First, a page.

Now we have Wifi having versions which are easier to understand

When we buy a wifi router, the specs are written in a nonsensical way, which are not understandable by common people. In the past, Wi-Fi versions were identified by a letter or a pair of letters that referred to a wireless standard. The current version is 802.11ac, but before that, we had 802.11n, 802.11g, 802.11a, and 802.11b. So now, Wi-Fi is adopting version numbers so that it’ll be easier to tell whether the router or device you’re buying is on the latest version.

So instead of the current Wi-Fi being called 802.11ac, it’ll be called Wi-Fi 5 (because it’s the fifth version). It’ll probably make more sense this way, starting with the first version of Wi-Fi, 802.11b. Now, instead of wondering whether “ac” is better than “n” or if the two versions even work together, you’ll just look at the number. Wi-Fi 5 is higher than Wi-Fi 4, so obviously it’s better.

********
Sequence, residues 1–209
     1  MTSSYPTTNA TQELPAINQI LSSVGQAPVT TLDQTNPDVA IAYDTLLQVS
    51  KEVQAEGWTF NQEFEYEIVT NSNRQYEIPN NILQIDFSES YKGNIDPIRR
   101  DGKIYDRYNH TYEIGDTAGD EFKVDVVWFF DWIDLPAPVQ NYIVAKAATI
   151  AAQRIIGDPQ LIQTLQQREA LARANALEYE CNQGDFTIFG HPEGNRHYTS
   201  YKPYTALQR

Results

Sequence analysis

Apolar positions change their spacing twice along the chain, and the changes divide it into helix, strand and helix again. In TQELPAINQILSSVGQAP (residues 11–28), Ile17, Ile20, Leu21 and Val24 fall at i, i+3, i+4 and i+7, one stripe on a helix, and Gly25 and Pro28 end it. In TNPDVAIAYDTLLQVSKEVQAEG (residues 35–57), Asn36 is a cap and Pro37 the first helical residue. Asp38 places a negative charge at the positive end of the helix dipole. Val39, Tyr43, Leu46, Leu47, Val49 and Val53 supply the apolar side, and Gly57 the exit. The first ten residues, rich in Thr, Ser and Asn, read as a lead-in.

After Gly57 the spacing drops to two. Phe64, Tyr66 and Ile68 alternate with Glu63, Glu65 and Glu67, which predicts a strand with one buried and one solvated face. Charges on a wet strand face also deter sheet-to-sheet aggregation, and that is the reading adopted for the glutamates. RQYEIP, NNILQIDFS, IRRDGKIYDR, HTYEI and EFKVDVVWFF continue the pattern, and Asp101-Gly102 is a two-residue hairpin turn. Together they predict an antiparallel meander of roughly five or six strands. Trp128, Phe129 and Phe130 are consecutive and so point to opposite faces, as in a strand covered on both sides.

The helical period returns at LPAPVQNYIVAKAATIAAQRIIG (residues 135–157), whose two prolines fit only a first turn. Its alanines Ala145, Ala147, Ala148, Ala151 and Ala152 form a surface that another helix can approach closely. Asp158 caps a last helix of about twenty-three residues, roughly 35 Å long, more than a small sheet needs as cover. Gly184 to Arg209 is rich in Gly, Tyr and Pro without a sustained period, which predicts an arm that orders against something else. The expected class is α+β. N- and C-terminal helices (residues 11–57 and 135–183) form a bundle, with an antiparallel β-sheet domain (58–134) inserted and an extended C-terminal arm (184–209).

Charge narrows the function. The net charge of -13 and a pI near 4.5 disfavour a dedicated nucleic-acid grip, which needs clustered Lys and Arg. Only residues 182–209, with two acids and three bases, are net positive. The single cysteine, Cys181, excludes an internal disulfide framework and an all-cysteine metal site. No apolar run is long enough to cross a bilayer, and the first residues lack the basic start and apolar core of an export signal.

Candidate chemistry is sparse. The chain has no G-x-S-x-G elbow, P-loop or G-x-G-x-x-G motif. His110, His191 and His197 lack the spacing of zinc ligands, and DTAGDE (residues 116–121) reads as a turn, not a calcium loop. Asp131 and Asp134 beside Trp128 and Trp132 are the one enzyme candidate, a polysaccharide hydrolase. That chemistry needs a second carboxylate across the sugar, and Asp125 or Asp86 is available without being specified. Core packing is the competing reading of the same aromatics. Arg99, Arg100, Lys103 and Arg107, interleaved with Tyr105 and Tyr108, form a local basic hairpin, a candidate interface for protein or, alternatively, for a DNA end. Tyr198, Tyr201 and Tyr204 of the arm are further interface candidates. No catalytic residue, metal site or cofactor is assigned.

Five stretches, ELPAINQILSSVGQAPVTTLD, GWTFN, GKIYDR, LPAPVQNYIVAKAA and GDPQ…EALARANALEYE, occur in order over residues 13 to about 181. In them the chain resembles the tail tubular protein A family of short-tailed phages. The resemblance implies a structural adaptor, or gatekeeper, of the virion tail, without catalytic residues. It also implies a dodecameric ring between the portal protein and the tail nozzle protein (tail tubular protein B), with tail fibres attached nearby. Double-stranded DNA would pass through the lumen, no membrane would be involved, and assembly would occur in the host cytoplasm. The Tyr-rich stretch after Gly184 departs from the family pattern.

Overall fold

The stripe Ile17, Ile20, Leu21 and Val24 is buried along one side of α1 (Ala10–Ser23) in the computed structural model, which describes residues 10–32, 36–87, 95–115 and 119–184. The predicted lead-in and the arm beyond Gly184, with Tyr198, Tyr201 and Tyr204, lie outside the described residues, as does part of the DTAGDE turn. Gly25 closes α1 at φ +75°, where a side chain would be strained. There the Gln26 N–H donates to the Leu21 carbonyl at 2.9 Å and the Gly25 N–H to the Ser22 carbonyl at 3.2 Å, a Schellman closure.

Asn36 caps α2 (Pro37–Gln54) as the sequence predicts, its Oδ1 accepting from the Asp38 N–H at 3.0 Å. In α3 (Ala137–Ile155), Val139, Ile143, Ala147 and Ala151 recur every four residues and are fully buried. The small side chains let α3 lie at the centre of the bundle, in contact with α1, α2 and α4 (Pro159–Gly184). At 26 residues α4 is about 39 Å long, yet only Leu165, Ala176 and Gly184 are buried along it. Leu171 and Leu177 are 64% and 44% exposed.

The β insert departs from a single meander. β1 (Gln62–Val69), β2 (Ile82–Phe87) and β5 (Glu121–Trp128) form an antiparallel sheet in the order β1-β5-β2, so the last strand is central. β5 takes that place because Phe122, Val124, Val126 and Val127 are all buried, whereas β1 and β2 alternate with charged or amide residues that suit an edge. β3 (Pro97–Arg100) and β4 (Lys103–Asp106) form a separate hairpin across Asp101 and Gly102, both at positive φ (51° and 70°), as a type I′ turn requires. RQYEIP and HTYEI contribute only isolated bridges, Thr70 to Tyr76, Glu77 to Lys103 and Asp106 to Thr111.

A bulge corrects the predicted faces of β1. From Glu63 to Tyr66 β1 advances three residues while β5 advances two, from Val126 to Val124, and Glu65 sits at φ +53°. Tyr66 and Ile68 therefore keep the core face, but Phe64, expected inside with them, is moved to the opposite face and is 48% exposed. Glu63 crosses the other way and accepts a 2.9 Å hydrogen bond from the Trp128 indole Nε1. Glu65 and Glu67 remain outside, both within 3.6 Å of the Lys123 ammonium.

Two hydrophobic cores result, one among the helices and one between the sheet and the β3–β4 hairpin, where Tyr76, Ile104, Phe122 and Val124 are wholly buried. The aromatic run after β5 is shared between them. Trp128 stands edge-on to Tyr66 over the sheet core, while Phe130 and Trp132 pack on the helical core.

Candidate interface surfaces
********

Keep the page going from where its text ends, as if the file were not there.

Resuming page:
Wifi networks always work together so in the future when you connect to a Wi-Fi network on your phone or laptop, your device will tell you what Wi-Fi version you’re connected to. That way, if two networks are available — one showing “4” and the other showing “5” — you’d be able to choose the newer, faster option.


“The Wi-Fi Alliance expects the very broad adoption of the term,” Kevin Robinson, the Alliance’s marketing chief, said in a phone call with The Verge. “It’s very unlikely it will be immediately universally adopted — that is just not the way any of these things work. But the industry will move to this generational approach of naming, and ultimately the consumers and industry both will benefit from that move.”

Apart from this the new which was originally supposed to be called as 802.11ax, will now simply be called as wifi 6 and will have faster speed and would be able to handle a multitude of devices.